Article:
Tomorrow marks the 70th anniversary of D-day, perhaps the last major day for remembering the Second World War alongside veterans. As a bit of a history geek I have always taken an interest in World War 2 – the politics, the social impact, the everyday reality, and the sacrifice. It can be really hard to imagine what life was like during the Second World War – the fear of invasion and tyranny, the struggle to survive, the hope for victory, the concern for loved ones, and – of course – the continuation of normal life. Friendship, love and work stop for no war!
D-day was the largest single naval invasion in history – hundreds of thousands of soldiers all heading towards an unknown fate. There were landings on 5 major beaches, with glider forces landing over night (most famously at Pegasus Bridge) and fake evidence had been fed to distract the Germans. This included inflatable tank forces on the East Coast, tin-foil making a radar trail similar to the invasion force between Dover and Calais, and mis-information being spread suggesting alternative landing locations. The military history is certainly riveting, but the sheer number of participants can easily mask the human stories.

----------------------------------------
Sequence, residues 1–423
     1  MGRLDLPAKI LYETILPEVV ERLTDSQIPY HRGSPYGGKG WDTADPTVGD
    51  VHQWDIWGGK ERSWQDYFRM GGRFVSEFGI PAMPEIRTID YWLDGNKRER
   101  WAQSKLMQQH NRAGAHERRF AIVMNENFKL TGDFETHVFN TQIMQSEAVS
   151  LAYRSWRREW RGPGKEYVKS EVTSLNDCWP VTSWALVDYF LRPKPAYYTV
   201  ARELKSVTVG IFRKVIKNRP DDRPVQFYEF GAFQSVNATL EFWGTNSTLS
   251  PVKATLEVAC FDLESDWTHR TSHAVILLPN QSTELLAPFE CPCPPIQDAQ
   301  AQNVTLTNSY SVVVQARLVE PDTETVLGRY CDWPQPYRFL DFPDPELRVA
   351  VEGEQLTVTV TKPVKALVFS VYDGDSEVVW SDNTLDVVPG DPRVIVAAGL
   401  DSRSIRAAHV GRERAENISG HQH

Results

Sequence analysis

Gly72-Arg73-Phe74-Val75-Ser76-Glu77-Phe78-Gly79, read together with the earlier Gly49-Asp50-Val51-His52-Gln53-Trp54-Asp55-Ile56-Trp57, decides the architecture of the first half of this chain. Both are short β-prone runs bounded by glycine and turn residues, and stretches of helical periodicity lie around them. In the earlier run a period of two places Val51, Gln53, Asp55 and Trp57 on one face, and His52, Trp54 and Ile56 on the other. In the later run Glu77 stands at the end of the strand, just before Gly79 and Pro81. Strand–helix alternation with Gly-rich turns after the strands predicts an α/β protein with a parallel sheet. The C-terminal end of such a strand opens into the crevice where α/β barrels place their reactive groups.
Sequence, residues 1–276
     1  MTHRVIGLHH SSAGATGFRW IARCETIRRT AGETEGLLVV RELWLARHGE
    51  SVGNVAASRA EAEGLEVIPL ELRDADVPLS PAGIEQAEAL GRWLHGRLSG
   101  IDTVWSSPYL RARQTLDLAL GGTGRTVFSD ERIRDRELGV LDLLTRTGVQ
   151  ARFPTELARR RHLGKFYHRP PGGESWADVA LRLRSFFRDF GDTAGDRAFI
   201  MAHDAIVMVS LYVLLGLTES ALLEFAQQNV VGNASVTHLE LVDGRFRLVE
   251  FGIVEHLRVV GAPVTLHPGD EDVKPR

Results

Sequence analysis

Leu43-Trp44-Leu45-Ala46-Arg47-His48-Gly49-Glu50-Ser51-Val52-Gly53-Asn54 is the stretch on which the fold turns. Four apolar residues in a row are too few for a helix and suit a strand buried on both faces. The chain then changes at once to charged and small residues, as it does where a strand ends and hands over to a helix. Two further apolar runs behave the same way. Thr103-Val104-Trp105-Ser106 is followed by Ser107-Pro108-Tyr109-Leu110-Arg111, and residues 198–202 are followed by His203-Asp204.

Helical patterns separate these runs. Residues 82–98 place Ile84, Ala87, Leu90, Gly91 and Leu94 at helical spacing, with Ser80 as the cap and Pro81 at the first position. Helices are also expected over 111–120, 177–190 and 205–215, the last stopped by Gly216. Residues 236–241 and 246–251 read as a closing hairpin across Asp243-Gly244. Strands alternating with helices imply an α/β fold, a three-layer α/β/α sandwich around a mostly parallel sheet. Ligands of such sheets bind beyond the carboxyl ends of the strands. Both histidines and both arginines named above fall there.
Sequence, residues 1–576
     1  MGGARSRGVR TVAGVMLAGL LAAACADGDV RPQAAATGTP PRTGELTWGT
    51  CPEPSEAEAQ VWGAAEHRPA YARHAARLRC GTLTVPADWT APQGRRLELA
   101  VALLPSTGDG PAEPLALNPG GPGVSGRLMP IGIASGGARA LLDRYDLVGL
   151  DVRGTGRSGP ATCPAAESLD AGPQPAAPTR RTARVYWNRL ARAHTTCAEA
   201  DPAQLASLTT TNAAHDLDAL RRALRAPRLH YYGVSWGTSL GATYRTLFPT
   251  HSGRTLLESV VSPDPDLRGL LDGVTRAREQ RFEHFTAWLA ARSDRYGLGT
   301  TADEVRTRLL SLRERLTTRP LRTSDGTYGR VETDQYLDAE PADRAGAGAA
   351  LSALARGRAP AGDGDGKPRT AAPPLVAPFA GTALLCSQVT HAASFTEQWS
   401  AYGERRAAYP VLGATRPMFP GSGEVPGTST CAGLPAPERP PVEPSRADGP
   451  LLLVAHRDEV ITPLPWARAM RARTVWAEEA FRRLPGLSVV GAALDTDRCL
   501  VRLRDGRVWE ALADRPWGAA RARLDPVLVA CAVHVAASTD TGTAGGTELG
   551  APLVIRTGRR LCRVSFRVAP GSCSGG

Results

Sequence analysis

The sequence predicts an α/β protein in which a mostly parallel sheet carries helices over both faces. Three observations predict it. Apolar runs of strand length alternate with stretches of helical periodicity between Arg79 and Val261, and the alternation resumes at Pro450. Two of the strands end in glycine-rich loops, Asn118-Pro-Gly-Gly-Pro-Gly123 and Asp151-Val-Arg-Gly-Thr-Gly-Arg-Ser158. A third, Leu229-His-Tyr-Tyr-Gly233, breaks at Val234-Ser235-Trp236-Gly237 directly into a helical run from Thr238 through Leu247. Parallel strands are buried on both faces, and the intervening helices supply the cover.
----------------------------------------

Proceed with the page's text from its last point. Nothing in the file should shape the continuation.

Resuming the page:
10 years ago I travelled to Normandy to witness the 60th anniversary. It was a sobering experience, and a few experiences stick out in my mind.
Firstly, we took a ferry from Portsmouth to Le Harve overnight (5th into the 6th), almost exactly mimicking the D-day sailings. This in itself was sobering, but I learnt the next day that one of the veterans had fallen ill during the night. When told the ferry would turn around, he told the crew that he owed it to his departed friends to carry on, and then passed away in the night.
The next day, at Pegasus Bridge, I was swept up in a parade and ended up in the central enclosure for a remembrance service. I was sat next to veterans and assorted dignitaries, and as a 14 year old teenage boy I felt completely out of my depth. When the last post played I looked into the eyes of those around me: liberators and liberated. For these people, the Second World War wasn’t a history lesson, but a major part of their lives.
And one final image sticks with me to this day. As we had walked from the car, I had seen a solitary roadside grave, marking the place where an allied soldier had fallen. On the way back, I saw a veteran knelt by the grave, talking quietly to his long-gone friend.
For me, the anniversary of D-day is about a lot of things. Yes, it is about the ending of fascism and the struggle against tyranny. Yes, it is about the fight for a new world order (witness the NHS, the EU, Human Rights legislation etc.). But we must never forget that it is about people. People who loved, laughed, and lost. For them, we must never forget.